Minimum Wage Advocates Get Blunt Lesson in Economics 101
Minimum wage advocates are receiving a blunt lesson in Economics 101 this week courtesy of the free market.
Efforts to mandate a $15.00 minimum wage in cities like Seattle and Los Angeles—which is supposed to lift workers out of poverty and off public assistance—seems to have hit a snag. In a filing published Monday, Whole Foods Market, Inc. (NASDAQ:WFM) announced it would cut 1,500 jobs as the company strives to slash costs and reign in labor expenses. (Source: Whole Foods Market Statement Regarding Reduction in Positions, SEC, September 28, 2015.)
Whole Foods, which dominates the natural and organic grocery category, faces increasing skyrocketing costs both from minimum wage increases and complying with new Obamacare regulations. The cuts will be mainly low-skill, in-store positions, the company told Reuters in an e-mail. Whole Foods’ stock price rose $0.01 to $31.07 per share on Monday, up 0.03% from its previous close. (Source: Whole Foods Market to cut about 1,500 jobs, Reuters, September 28, 2015.)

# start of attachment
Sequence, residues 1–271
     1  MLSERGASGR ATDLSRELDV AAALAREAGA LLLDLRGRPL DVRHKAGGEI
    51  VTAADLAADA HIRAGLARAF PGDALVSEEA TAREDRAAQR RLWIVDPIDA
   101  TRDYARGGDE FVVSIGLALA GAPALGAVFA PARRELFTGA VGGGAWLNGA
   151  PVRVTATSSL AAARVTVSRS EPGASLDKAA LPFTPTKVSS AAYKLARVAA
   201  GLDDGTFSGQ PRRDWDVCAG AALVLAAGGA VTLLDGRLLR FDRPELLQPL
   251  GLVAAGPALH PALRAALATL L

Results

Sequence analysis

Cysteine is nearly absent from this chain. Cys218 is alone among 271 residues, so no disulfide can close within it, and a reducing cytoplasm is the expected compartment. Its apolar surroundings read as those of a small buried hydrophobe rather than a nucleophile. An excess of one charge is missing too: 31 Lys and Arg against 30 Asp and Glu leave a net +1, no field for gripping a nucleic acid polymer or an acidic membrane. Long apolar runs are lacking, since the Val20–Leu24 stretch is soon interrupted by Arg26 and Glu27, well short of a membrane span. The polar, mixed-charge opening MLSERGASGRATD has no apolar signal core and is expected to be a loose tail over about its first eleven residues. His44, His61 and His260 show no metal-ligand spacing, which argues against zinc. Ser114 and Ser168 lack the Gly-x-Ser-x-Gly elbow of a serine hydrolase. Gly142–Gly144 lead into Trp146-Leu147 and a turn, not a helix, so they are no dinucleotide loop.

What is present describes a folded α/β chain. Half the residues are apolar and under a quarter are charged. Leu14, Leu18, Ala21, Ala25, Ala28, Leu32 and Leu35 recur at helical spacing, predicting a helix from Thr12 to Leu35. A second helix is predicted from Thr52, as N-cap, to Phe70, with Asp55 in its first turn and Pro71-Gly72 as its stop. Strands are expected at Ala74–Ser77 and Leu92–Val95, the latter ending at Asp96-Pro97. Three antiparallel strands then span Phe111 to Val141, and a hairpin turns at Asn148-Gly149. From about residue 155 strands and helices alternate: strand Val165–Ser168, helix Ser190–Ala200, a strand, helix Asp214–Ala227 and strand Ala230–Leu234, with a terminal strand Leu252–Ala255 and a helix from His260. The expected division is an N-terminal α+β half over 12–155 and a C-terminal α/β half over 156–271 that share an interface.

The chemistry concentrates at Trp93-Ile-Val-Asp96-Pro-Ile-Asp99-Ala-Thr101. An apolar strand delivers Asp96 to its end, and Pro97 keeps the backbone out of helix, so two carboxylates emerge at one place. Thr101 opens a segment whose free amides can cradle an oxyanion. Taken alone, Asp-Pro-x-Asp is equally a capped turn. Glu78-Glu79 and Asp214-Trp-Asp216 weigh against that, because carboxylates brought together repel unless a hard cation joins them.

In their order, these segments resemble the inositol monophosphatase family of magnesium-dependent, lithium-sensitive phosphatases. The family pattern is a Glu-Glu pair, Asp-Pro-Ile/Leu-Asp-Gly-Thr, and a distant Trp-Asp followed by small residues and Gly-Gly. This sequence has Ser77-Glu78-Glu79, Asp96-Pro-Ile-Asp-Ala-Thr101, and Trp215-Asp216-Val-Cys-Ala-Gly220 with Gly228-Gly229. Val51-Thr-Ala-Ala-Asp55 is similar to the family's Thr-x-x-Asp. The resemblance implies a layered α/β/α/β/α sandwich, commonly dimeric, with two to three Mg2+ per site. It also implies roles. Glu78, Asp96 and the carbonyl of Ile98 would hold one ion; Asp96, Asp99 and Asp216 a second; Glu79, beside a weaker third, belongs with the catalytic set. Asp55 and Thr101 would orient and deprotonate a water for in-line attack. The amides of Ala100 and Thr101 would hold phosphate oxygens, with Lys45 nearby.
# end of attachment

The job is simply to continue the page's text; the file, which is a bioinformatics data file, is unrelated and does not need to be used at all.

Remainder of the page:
And Whole Foods isn’t the only employer cutting staff in response to higher labor costs, either. Maybe you’ve seen the iPads that take your order at Chili’s or machines that dispense drinks at your favorite drink at Wendy’s. At McDonald’s Corporation (NYSE:MCD), they’ve combined a computerized kiosk with a brand new menu, and it appears to be a big hit around the country:
— Simone Previti (@rekotc) May 25, 2015
And in Orlando…
— John Weeden (@JohnWeeden) April 24, 2015
These tweets and press releases are further proof that a minimum wage—like free college and socialized medicine—is a concept that sounds good in theory, but fails miserably in the real world. By raising wage rates, the public can see minimum-wage earners making more money. What they don’t see is the number of jobs destroyed or the citizens who would have been able to obtain jobs if the minimum wage were never raised in the first place.